and was later restored by Hatshepsut and Thutmose III. The temple was connected with the
Primeval Hill of Thebes (Djeme), as well as the cult of Luxor (and Gebel Barkal), and the cult of
a great serpent, an aspect of Amun, called Kematef. Like the Kamutef temple near the Mut
Complex at Karnak (also built by Hatshepsut), it was restored by the Kushites (Morkot 2000,
246-247; Arnold 1999, 47).
The scene, o
followed by its double name, only one of which is partially legible: Dw-w'b n
nhh.("Pure Mountain of Eternity").(63)63
On the "western" half of the wall, to the right of the door, Piye has represented
himself celebrating his Heb-Sed and coronation (fig. 47). At the extreme right, he
enters the temple followed by his ka, and he is led by Montu (Cf. Schwaller de
Lubicz 1977, 317-318). He wears the ancient Heb-Sed robes that can be traced
back to archaic times. The king and god encounter a vertical row of southern
shrines, which probably lay below a row of northern shrines, now lost. These
were the shrines set up to house the statues of the gods brought from the south and
north to witness the ceremony ( cf. Naville 1892, pls. 7, 8, 12). Further to the left
the king appears seated in his kiosk, where a servant brings food offerings. The
scene is of a very ancient type (Cf. Schwaller de Lubicz 1977, fig. 77; Bisson de
la Rocque 1931, pls. 8, 10; Naville 1892, 19-21, 23). Next the king is led forward
hand in hand by Montu and Atum (Schwaller de lubicz 1977, 146, fig. 20), while
an Iunmutef priest stands by a serekh reading "[Strong Bull arising in?] Napata."
The king, now wearing a royal kilt, stands close beside a god. The preserved sign
"wr" may suggest that this is a scene of Piye being led into the "[Pr]-wr" to
receive his crowns. The remainder of the original wall surface, some 5-6 meters,
is concealed by later masonry.
Piye was interested in celebrating a Heb-Sed, as can be understood from a
reference in his Victory Stele (FHN I 84). The fact that he moved so many divine
statues from Soleb to Gebel Barkal suggests that these were among the
"convocation of gods" bought to the capital for the ceremony. This may imply
that he really did rule at least thirty years (but cf. Redford 1985; Morkot 2000,
170). Piye, in any case, was probably not the first to celebrate a Heb-Sed at
Napata, although he may have been the first in over three centuries. Some sort of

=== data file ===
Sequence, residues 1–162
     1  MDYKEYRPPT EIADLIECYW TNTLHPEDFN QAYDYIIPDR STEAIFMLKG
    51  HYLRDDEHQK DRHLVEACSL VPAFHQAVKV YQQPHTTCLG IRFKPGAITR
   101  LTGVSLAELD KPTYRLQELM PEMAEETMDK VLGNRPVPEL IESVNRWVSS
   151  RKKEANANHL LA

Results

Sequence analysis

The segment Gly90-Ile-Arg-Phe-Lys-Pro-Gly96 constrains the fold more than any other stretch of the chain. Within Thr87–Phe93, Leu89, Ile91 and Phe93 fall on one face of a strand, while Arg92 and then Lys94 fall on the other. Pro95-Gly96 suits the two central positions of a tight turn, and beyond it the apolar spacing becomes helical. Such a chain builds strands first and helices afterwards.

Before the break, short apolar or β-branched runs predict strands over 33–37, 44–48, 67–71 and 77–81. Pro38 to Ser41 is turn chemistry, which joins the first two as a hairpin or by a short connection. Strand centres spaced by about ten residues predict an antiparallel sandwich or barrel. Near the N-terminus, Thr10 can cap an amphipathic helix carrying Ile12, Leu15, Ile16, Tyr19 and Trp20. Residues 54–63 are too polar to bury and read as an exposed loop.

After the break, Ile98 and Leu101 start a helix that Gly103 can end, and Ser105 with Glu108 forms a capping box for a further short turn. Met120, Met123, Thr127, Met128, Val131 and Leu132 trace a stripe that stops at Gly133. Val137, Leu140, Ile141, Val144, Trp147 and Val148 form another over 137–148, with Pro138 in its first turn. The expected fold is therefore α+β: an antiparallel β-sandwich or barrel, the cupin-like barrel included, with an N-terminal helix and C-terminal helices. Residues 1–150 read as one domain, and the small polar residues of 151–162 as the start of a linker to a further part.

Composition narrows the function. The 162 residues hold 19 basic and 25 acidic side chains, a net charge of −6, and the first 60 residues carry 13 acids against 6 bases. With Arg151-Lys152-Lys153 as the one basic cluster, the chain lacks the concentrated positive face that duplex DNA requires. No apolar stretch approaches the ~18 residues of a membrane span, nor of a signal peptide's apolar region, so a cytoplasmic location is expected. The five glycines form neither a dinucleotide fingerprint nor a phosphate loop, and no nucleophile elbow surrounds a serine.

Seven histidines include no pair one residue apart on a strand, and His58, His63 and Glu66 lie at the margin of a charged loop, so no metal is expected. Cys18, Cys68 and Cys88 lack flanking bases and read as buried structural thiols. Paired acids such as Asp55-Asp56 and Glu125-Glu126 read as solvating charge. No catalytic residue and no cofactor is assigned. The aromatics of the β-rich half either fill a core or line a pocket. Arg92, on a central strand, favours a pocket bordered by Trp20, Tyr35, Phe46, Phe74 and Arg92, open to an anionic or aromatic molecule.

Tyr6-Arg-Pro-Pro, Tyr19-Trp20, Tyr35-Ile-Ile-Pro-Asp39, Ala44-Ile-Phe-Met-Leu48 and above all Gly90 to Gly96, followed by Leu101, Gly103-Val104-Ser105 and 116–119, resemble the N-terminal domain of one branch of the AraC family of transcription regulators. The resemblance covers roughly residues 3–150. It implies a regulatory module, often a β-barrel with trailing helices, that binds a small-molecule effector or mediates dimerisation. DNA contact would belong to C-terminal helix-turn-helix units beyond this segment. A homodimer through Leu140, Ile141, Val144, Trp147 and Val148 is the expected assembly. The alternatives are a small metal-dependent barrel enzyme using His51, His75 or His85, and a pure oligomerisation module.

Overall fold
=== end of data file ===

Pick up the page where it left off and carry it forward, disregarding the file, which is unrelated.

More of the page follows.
a Heb-Sed was probably celebrated here throughout the New Kingdom, even if it
may only have been a magical substitute, performed simultaneously to the real
one at Thebes, with the king physically absent. The statue of Thutmose III found
at Barkal, for example, depicts the king in his Heb-Sed robes (Dunham 1970, 17,
pl. 3). Akhenaten also may have developed a Heb-Sed complex at Barkal that
mirrored the one built for his Year 3 Heb-Sed at East Karnak in the complex
called the Gm-p3-Itn (Redford 1984, 122-130; see above, Section III)..
If B 1100 remained closed at the dawn of the Napatan era, it is not clear exactly
how Piye managed to recover the "lost" kingship. His Year 3 Stele, however,
f course, is of great antiquity, first appearing on the macehead of King Scorpion (Millet 1990, 55,
fig. 2). Cf. also the construction scenes of Thutmose III at Karnak (Schwaller de Lubicz 1977, pl.
The upper part of the king's figure, in which the king wears a cap crown, has been restored
from a photograph in the Breasted archive in which his preserved head can still be faintly seen.
See the on-line archive of the 1905-1907 Breasted Expeditions to Egypt and the Sudan:
invokes the crown goddess Weret-Hekau in a most interesting way (FHN I 58),
suggesting that the problem had been solved. Weret-Hekau, as I have shown, was
the crown goddess resident in both the Pr-wr (B 1100) and the pinnacle. The
broken text is interesting because the context suggests a threat: "Whoever of
these princes (in Egypt) does not pay tribute to me, Weret-Hekau [i.e. 'will do
something terrible']." He is obviously referring to his deified crown and uraeus,
derived from Gebel Barkal and the pinnacle.
XI. Kingship Regained, Lost, and Reconceived - with Comments on the
Nubian Campaign of Psammeticus II.
During the New Kingdom, the Egyptians had seen Gebel Barkal only as a
manifestation of Karnak, but now the Kushites and their priestly backers made a